II. Dismissal of Claims Pursuant to the Requirements of Federal Rule of Civil Procedure 9(b) Rule 9 addresses the pleading of "special matters." In particular, Rule 9(b) requires that, "[i]n alleging fraud or mistake, a party must state with particularity the circumstances constituting fraud or mistake." Fed. R. Civ. P. 9(b). "'Fraud can be averred by specifically alleging fraud, or by alleging facts that necessarily constitute fraud (even if the word "fraud" is not used).'" Kearns v. Ford Motor Co., 567 F.3d 1120, 1124 (9th Cir. 2009) (quoting Vess v. Ciba-Geigy Corp. USA, 317 F.3d 1097, 1105 (9th Cir. 2003)). "When an entire complaint, or an entire claim within a complaint, is grounded in fraud and its allegations fail to satisfy the heightened pleading requirements of Rule 9(b), a district court may dismiss the complaint or claim." Vess, 317 F.3d at 1107 (9th Cir. 2003) (citing Bly-Magee v. California, 236 F.3d 1014, 1019 (9th Cir. 2001)).

Under Rule 9(b), the circumstances constituting the alleged fraud must be specific enough to give each defendant notice of its particular misconduct so that the defendant can defend against the charge instead of merely denying that it did anything wrong. Kearns, 567 F.3d at 1124 (citing Bly-Magee, 236 F.3d at 1019). To satisfy the particularity standard of Rule 9(b), the plaintiff must set forth more than the neutral facts necessary to identify the transaction at issue. Id. (citing In re GlenFed, Inc. Sec. Litig., 42 F.3d 1541, 1548 (9th Cir. 1994), superceded by statute on other grounds). This is so because "Rule 9(b) serves not only to give notice to defendants of the specific fraudulent conduct against which they must defend, but also 'to deter the filing of complaints as a pretext for the discovery of unknown wrongs, to protect [defendants] from the harm that comes from being subject to fraud charges, and to prohibit plaintiffs from unilaterally imposing upon the court, the parties and society enormous social and economic costs absent some factual basis.'" Bly-Magee, 236 F.3d at 1018 (quoting In re Stac Elecs. Sec. Litig., 89 F.3d 1399, 1405 (9th Cir. 1996)).

Circumstances that must be stated with particularity pursuant to Rule 9(b) include the "time, place, and specific content of the false representations as well as the identities of the parties to the misrepresentations." Sanford v. Memberworks, Inc., 625 F.3d 550, 558 (9th Cir. 2010) (quoting Edwards v. Marin Park, Inc., 356 F.3d 1058, 1066 (9th Cir. 2004)). See also Swartz v. KPMG LLP, 476 F.3d 756, 764 (9th Cir. 2007); Miscellaneous Serv. Workers, Drivers & Helpers v. Philco-Ford Corp., 661 F.2d 776, 782 (9th Cir. 1981) (affirming district court's dismissal of the plaintiffs' deceit and misrepresentation claims where plaintiffs failed to allege with sufficient particularity the content of the false representations and identities of the parties to the misrepresentations). "In the context of a fraud suit involving multiple defendants, a plaintiff must, at a minimum, 'identif[y] the role of [each] defendant[] in the alleged fraudulent scheme.'" Swartz, 476 F.3d at 765 (quoting Moore v. Kayport Package Express, 885 F.2d 531, 541 (9th Cir. 1989)).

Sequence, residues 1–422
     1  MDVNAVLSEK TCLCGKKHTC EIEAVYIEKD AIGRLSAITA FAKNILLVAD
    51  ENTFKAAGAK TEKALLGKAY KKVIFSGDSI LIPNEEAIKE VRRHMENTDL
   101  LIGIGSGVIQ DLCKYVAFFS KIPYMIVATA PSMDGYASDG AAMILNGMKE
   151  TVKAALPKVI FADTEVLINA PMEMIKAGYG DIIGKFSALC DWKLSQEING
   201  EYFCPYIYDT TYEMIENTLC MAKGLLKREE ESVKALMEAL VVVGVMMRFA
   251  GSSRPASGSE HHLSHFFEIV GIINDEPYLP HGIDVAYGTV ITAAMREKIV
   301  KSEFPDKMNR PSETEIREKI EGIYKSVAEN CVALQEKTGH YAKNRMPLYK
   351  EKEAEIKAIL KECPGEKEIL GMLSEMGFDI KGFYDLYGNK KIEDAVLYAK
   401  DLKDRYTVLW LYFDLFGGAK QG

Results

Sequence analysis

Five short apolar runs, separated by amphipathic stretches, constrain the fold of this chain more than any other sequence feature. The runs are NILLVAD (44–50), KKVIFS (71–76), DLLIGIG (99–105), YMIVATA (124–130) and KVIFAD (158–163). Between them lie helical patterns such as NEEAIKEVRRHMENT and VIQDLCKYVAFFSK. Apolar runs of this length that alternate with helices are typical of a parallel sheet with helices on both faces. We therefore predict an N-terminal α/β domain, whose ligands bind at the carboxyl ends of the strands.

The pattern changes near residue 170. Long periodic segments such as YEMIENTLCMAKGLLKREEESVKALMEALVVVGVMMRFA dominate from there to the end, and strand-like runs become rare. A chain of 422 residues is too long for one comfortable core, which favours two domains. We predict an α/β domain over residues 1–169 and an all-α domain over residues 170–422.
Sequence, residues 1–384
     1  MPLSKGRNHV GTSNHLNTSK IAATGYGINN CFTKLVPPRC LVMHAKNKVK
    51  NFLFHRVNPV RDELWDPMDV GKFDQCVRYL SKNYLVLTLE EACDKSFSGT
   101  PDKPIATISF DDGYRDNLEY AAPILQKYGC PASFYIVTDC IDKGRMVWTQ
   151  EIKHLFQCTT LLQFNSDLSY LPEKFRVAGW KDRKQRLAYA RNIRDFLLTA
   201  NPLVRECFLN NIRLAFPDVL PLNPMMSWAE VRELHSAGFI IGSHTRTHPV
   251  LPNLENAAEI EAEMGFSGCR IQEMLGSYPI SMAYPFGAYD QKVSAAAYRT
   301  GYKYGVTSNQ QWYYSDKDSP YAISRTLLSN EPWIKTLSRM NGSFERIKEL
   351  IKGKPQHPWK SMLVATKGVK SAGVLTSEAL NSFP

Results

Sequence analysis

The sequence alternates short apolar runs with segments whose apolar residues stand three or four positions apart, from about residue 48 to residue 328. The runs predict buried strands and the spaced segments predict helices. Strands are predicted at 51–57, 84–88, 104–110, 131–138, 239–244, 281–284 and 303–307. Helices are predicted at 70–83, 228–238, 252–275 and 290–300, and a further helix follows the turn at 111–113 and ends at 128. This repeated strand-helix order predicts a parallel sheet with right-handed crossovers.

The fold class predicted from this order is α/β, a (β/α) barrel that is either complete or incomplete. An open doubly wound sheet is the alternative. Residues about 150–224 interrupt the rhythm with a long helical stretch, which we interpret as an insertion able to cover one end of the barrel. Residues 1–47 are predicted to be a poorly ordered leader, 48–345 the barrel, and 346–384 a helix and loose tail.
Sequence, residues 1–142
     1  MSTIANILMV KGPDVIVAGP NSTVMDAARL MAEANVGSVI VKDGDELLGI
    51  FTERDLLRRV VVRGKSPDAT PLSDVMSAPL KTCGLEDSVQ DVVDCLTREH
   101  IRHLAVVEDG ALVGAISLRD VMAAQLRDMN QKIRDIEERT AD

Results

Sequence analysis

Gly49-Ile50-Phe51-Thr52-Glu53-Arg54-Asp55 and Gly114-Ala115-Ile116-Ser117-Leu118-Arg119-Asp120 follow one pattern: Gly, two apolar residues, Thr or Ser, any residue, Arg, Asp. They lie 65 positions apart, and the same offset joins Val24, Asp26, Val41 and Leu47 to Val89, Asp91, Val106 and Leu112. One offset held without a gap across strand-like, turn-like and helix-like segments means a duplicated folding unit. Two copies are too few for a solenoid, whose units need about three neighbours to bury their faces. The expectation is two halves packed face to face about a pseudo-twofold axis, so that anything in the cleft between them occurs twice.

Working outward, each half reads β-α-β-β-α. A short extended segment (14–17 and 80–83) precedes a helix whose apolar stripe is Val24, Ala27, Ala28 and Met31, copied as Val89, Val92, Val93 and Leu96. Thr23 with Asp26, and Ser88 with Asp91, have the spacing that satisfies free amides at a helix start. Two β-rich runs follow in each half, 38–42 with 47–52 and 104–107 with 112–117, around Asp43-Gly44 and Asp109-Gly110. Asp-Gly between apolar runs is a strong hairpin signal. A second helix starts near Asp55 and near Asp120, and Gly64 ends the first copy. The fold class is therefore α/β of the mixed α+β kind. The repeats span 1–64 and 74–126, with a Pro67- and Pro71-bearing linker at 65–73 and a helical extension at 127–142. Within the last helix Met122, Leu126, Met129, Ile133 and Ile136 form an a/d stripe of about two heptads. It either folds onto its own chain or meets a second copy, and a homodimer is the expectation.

Where fraud is not an essential element of all claims alleged in a pleading, only the claims that allege fraud are subject to Rule 9(b)'s heightened pleading standard. Kearns, 567 F.3d at 1124 (citing Vess, 317 F.3d at 1105). When fraud is not an essential element of a claim but the plaintiff includes averments of fraud, any averments that do not satisfy the requirements of Rule 9(b) "should be 'disregarded,' or 'stripped' from the claim for failure to satisfy Rule 9(b)." Id. However, if a plaintiff alleges "a unified course of fraudulent conduct" and relies entirely on that course of conduct as the basis of a claim, "the claim is said to be 'grounded in fraud' or to 'sound in fraud,' and the pleading of that claim as a whole must satisfy the particularity requirement of Rule 9(b)." In re Daou Systems, Inc., 411 F.3d 1006, 1027 (9th Cir. 2005) (quoting Vess, 317 F.3d at 1103-04). See also Sanford, 625 F.3d at 558.

ANALYSIS

I. The Parties' Arguments

Defendants assert that plaintiffs have not cured the defects of the claims of fraud and negligent misrepresentation alleged in their original complaint and have added a third claim that is equally defective. Defendants move to dismiss all three claims pursuant to Rule 12(b)(6) on the ground that plaintiffs' pleading fails to state any claim on which relief can be granted.

Defendants argue first that plaintiffs' claim for negligent misrepresentation must be dismissed because plaintiffs have once again failed to demonstrate that the defendants owed the plaintiffs any duty of care, which is the fundamental prerequisite to a negligent misrepresentation claim. Defendants contend that plaintiffs have failed to allege that they stood in privity or its functional equivalent with defendants, as required by New York law, or that they were otherwise members of a limited group of intended beneficiaries of defendants' credit ratings, as required by California law.